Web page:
Intertrust: substance laws

Written by: Intertrust Posted: 06/06/2019

BL62_Intertrust_Alison ParryThe Channel Islands have recently brought in new economic substance laws that meet requirements set out by the EU’s Code of Conduct Group (Business Taxation) (COCG). As practitioners evaluate how they and their clients can best comply with the new legislation, Alison Parry (pictured), Head of Private Wealth for Intertrust in Guernsey, examines what the new laws mean for the private wealth sector in particular

The substance laws that have come into force in each island represent significant pieces of legislation that will require certain tax-resident companies to meet a series of economic substance tests to prove their compliance. This could involve changes in how those companies operate.

For private wealth practitioners concerned with the management and administration of wealth holding structures, family investment companies, equity holding companies and corporate clients, there is work to be done to identify which entities fall under the new laws and how to comply.

The laws and what to do next 

Under the new laws, which came into force from 1 January 2019, tax-resident companies will need to satisfy an economic substance test of three parts. Companies must: be directed and managed in Guernsey or Jersey; conduct Core Income Generating Activity (CIGA) there; and meet requirements with regard to the levels of personnel, physical presence and operating expenditure in the islands. Failure to comply could result in significant fines and, potentially, strike-off.

The first thing for private wealth practitioners to do is to determine which of their Channel Island tax-resident companies could be affected. Proactive and informed service providers will already be talking to clients to explain the changes and to guide them through initial impact assessments.

As a listed company with a long-established presence and more than 500 experts across the two islands, Intertrust has developed its existing proposition to help clients meet the new requirements. Our teams are already in discussions with clients and their advisers.

Boards have to respond appropriately and quickly to the new laws so, in order to help them do this, Intertrust has developed a ‘substance compliance checker’ tool to make the initial assessment as easy as possible. 

Intertrust will do this initial work automatically for companies on which it holds a board position, and will offer this service to all clients if requested. 

Options for clients

Intertrust works with a wide variety of private wealth and corporate clients and relevant activities (as detailed in the legislation) that may necessitate action in order to comply with the new laws.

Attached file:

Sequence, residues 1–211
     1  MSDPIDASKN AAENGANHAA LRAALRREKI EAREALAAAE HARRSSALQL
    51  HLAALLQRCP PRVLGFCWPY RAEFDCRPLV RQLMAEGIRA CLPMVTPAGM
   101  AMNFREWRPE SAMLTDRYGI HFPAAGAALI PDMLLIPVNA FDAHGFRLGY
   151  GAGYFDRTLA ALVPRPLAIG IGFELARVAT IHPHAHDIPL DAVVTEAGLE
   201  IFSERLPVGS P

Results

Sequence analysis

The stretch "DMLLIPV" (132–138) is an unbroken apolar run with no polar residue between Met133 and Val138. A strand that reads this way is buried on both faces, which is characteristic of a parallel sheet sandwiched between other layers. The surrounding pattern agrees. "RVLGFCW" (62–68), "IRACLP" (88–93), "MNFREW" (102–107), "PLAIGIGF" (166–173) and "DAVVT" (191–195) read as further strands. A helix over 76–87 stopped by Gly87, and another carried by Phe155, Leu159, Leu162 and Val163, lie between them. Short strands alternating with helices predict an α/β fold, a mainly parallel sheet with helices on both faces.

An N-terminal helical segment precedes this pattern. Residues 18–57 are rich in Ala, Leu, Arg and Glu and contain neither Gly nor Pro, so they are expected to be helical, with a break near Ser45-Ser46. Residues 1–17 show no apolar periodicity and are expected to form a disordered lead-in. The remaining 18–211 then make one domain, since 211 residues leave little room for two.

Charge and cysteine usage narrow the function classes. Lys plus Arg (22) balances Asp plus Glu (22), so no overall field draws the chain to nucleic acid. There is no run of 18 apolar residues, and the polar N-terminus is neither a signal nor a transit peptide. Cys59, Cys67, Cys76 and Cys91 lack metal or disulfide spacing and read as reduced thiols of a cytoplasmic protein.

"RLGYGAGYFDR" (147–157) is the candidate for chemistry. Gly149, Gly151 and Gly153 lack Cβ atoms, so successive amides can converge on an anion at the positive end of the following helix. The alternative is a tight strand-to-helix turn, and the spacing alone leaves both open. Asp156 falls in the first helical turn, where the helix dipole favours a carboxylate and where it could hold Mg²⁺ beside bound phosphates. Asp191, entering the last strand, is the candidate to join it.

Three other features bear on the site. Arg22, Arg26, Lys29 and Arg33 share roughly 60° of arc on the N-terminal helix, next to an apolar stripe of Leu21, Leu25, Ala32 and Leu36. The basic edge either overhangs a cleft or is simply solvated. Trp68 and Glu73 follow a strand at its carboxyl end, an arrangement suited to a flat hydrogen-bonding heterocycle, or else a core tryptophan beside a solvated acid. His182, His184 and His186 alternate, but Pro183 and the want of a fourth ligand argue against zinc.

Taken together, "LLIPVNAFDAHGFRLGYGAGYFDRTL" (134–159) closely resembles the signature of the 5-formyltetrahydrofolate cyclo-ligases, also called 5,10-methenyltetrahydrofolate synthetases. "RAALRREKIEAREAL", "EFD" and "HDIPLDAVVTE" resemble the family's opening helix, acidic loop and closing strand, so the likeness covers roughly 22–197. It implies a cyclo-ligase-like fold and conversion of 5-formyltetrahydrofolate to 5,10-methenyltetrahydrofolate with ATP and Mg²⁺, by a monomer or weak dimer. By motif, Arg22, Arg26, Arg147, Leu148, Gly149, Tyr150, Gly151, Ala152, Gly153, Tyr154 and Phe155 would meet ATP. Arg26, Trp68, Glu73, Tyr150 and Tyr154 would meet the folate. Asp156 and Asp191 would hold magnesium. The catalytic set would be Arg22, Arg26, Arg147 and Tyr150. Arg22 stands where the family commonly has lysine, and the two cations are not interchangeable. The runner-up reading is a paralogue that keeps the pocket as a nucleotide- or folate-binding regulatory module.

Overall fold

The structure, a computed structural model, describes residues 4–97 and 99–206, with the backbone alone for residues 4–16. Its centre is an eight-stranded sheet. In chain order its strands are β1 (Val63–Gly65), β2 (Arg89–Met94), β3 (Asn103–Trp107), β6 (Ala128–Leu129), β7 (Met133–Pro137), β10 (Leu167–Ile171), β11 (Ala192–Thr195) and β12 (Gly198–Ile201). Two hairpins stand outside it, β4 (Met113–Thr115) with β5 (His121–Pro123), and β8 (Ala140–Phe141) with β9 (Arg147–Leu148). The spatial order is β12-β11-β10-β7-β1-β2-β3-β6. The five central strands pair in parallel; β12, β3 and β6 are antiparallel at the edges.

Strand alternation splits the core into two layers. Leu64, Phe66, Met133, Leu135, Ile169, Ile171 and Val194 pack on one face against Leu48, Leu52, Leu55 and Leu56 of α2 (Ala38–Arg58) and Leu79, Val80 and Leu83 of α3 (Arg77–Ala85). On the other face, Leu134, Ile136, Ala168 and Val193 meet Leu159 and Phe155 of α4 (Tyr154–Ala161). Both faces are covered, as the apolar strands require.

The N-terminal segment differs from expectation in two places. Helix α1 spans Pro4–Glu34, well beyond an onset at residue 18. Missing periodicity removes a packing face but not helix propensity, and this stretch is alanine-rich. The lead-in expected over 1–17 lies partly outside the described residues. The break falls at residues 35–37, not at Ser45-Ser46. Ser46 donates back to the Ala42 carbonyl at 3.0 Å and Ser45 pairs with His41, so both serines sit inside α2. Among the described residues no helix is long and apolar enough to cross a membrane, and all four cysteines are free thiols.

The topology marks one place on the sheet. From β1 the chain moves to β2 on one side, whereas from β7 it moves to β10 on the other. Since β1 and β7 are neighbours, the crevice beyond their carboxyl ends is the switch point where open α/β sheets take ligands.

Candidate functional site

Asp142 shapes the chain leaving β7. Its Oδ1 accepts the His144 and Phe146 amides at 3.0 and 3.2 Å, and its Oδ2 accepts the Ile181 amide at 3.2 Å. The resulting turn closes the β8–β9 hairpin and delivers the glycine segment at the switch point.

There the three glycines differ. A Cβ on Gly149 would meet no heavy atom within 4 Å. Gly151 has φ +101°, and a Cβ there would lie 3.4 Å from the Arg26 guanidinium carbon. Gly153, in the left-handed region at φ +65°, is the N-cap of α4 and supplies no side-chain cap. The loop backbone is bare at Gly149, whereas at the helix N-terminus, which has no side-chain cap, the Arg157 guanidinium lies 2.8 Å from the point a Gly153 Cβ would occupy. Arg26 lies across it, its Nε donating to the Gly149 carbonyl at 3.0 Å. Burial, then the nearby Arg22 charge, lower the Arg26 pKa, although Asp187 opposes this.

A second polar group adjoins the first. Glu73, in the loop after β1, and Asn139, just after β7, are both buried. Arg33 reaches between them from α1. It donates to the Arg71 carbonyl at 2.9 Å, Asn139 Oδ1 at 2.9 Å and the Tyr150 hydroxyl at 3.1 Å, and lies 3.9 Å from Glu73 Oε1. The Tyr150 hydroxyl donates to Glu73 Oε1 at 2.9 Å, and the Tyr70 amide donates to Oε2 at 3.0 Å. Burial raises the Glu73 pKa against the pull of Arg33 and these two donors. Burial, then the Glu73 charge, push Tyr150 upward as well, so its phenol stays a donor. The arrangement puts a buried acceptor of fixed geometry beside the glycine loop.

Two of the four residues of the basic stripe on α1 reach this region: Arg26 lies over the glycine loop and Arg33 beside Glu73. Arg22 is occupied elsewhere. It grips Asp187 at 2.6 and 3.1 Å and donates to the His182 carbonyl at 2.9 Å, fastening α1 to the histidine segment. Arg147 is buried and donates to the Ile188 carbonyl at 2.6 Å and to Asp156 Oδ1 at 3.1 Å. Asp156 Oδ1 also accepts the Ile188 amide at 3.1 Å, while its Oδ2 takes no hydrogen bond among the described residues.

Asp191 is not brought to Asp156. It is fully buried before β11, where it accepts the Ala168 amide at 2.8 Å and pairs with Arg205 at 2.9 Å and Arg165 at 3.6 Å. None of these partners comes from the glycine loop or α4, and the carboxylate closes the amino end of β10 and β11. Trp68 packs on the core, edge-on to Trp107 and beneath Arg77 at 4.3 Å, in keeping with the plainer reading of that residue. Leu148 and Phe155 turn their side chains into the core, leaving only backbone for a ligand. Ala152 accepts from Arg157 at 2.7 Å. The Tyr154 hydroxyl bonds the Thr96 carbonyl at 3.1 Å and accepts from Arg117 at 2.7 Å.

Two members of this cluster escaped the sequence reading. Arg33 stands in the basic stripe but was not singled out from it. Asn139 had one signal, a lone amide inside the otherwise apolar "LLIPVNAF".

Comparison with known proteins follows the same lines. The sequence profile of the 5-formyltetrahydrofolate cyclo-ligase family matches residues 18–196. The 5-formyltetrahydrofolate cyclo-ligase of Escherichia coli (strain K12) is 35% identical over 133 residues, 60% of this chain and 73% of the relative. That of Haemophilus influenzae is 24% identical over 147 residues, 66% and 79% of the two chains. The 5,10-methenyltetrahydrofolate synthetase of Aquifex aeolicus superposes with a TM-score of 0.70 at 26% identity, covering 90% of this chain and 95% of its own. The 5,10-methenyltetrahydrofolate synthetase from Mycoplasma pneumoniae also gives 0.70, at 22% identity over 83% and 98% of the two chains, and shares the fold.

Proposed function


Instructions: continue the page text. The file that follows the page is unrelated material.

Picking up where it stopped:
Another element of the new laws relates to tax returns and the need to make an annual declaration of compliance. This is something all clients need to be aware of.

The outcomes of the assessments will likely result in a range of possibilities to discuss with clients and their advisers. This could be a time-consuming exercise, certainly for the more complex structures, so practitioners are encouraged to speak to their clients as soon as possible. 

In the current wealth management environment, practitioners are increasingly dealing with global clients with multi-jurisdictional assets and concerns. These structures are, by their nature, especially complex, so our Channel Islands teams have been working with their colleagues around the world to ensure compliance at a global level.

Our global expertise, combined with our significant Channel Islands presence, means Intertrust can leverage best practices. This includes the provision of high-quality directors and governance solutions, which sit alongside our established corporate administration services.

At the time of writing, the guidance for the new laws had just been issued. 

It may seem like a daunting task to assess a client, run through the options and then determine the next steps to take. However, in our experience, companies in the Channel Islands have consistently paid close attention to substance requirements through management and control processes, and this new legislation codifies existing practice.

A competitive advantage

The substance laws have been welcomed by local practitioners and industry as they represent modern, compliant jurisdictions that produce high-quality work. In a world that is characterised by increased regulation and compliance, clients are turning to proven quality and established reputation and the Channel Islands continue to be beacons of exemplary practice.

The substance laws not only enable the islands to continue to meet international transparency standards, but mean they stand out as having a thorough approach to compliance and transparency. 

Information correct as of 1 May 2019. The legal requirement to undertake the test of compliance remains with the entity being reviewed and not Intertrust. For disclaimer and legal messages, please visit the Intertrust Group website at 

For more information, contact Alison Parry, Head of Private Wealth Guernsey, Intertrust
Tel: +44 1481 211258 

• This advertising feature was first published in the May/June edition of Businesslife magazine

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